TRIPOLI, Lebanon (Reuters) - Masked gunmen shot dead a policeman on Friday in the northern Lebanese city of Tripoli, security sources said, the second killing of a member of the security forces in two days.
Friday’s shooting came a day after Prime Minister Tammam Salam’s new cabinet approved a security plan for the city, where at least 29 people have been killed in the last two weeks.
The security sources said Boutros Bayaa was killed instantly when the gunmen opened fire on his car at around 5:30 a.m. (0330 GMT), hitting him in the head.
Fighting has raged in Tripoli this month between members of the Alawite sect, an offshoot of Shi‘ite Islam, and majority Sunni Muslims - who have also clashed with security forces.
The violence in Lebanon, still recovering from its 1975-190 civil war, has been fuelled by the civil war in neighboring Syria, where mostly Sunni rebels are battling to topple Alawite President Bashar al-Assad.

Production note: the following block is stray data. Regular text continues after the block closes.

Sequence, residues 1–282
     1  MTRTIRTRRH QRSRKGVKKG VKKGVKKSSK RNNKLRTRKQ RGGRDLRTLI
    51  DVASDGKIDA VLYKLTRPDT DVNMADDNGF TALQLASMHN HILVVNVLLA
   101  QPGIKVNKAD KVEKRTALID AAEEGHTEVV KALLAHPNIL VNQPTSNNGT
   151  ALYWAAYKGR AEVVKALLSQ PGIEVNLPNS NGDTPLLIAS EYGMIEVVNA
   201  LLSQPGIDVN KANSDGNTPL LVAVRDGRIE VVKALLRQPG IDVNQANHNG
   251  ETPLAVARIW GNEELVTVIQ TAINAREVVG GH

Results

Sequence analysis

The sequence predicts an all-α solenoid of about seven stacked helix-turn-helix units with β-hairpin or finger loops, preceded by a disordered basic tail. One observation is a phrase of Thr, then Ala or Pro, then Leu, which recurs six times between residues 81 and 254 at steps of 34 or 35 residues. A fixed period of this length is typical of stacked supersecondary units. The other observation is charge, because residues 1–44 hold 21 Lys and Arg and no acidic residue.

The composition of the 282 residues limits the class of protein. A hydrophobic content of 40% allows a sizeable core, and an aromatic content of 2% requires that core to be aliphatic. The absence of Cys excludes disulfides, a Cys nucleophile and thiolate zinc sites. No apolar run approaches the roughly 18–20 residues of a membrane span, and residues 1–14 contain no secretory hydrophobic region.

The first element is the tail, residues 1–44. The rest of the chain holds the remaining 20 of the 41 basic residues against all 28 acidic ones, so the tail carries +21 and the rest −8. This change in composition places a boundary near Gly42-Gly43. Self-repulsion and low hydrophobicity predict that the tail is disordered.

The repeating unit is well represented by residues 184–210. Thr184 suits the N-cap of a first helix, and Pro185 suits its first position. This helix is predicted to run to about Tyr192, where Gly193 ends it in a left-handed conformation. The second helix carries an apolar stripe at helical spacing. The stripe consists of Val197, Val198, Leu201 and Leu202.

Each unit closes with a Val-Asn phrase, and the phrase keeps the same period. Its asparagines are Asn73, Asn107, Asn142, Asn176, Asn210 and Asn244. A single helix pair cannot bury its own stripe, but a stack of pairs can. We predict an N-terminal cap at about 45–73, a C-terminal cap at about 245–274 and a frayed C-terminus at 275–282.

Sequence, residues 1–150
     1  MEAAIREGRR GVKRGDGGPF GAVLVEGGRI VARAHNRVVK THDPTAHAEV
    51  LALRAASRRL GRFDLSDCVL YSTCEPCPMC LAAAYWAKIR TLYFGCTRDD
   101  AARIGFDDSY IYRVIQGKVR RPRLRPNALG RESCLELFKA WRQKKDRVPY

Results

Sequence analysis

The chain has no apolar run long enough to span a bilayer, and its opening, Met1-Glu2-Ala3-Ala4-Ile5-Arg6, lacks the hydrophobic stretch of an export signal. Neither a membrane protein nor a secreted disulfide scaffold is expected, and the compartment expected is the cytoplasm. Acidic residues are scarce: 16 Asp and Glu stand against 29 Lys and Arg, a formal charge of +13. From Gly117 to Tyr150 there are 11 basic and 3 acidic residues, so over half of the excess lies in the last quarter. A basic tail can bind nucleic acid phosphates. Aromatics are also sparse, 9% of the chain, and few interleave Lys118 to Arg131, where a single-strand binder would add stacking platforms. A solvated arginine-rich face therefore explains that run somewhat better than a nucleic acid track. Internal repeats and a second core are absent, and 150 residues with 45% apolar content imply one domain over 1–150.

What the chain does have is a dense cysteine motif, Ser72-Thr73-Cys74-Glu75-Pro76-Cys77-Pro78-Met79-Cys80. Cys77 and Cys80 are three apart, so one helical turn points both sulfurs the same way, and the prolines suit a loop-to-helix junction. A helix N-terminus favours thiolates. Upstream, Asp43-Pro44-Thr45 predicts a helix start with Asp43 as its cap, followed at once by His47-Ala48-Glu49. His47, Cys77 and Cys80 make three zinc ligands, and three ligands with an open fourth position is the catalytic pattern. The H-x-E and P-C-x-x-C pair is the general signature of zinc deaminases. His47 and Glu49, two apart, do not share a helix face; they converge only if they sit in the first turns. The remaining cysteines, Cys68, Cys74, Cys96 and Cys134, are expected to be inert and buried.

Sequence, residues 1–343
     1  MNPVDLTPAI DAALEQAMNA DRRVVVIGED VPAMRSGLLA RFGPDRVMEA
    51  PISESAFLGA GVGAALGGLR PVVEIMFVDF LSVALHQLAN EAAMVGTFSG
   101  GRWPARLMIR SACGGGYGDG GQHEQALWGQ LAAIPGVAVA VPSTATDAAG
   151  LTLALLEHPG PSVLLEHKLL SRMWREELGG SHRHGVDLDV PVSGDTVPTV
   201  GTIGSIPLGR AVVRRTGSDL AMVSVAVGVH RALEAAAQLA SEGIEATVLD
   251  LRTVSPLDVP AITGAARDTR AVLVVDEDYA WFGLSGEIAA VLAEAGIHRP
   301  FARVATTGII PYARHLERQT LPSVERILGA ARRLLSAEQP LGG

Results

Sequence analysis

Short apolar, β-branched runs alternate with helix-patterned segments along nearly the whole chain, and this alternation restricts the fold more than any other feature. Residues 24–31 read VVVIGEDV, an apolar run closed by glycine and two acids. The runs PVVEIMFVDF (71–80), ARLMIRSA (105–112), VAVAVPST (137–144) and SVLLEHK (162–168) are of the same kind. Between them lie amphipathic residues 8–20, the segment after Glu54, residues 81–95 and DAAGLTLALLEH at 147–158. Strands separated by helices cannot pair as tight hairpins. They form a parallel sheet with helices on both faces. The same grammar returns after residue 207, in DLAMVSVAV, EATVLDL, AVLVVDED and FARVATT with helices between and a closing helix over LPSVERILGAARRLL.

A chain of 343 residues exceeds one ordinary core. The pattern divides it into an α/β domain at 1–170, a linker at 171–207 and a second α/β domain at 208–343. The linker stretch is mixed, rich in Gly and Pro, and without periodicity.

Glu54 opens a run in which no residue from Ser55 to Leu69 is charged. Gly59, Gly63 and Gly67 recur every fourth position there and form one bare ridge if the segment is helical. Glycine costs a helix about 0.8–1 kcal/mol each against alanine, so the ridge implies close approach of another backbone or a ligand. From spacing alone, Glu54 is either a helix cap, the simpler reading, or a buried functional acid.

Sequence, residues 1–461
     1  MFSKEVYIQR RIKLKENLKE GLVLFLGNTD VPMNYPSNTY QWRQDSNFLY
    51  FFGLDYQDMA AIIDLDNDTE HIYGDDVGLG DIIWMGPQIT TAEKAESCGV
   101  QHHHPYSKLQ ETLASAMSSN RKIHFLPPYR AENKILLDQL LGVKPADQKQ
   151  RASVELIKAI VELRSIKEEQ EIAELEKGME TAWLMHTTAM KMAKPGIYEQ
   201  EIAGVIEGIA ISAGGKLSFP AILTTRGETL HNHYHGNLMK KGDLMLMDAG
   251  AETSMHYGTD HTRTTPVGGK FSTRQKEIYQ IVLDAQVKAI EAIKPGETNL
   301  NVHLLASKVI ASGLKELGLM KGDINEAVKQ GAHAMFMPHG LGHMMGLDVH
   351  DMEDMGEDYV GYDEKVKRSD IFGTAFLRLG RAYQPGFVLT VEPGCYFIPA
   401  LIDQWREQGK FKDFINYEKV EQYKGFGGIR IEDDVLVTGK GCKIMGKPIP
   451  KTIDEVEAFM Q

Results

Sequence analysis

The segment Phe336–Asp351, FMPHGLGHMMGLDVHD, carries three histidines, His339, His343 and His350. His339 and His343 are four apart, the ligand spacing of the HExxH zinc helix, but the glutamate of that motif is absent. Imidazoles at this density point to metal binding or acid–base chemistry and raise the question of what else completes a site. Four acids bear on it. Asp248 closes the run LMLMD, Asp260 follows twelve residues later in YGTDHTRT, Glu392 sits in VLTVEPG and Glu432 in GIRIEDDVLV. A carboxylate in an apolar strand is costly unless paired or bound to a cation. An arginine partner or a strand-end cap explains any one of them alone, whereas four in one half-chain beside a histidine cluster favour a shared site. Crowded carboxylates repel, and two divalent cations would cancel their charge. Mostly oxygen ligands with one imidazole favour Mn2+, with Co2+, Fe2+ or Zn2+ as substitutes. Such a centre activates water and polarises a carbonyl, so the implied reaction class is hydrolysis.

Salam’s predecessor Najib Mikati announced in December that he had given the army full responsibility for restoring control in Tripoli, but the move failed to stem the bloodshed.
Officials have not given details of the latest security plan for the city, agreed on Thursday at the first meeting of Salam’s cabinet since his government won a vote of confidence in parliament last week.
Reporting by Nazih Siddiq; Editing by Kevin Liffey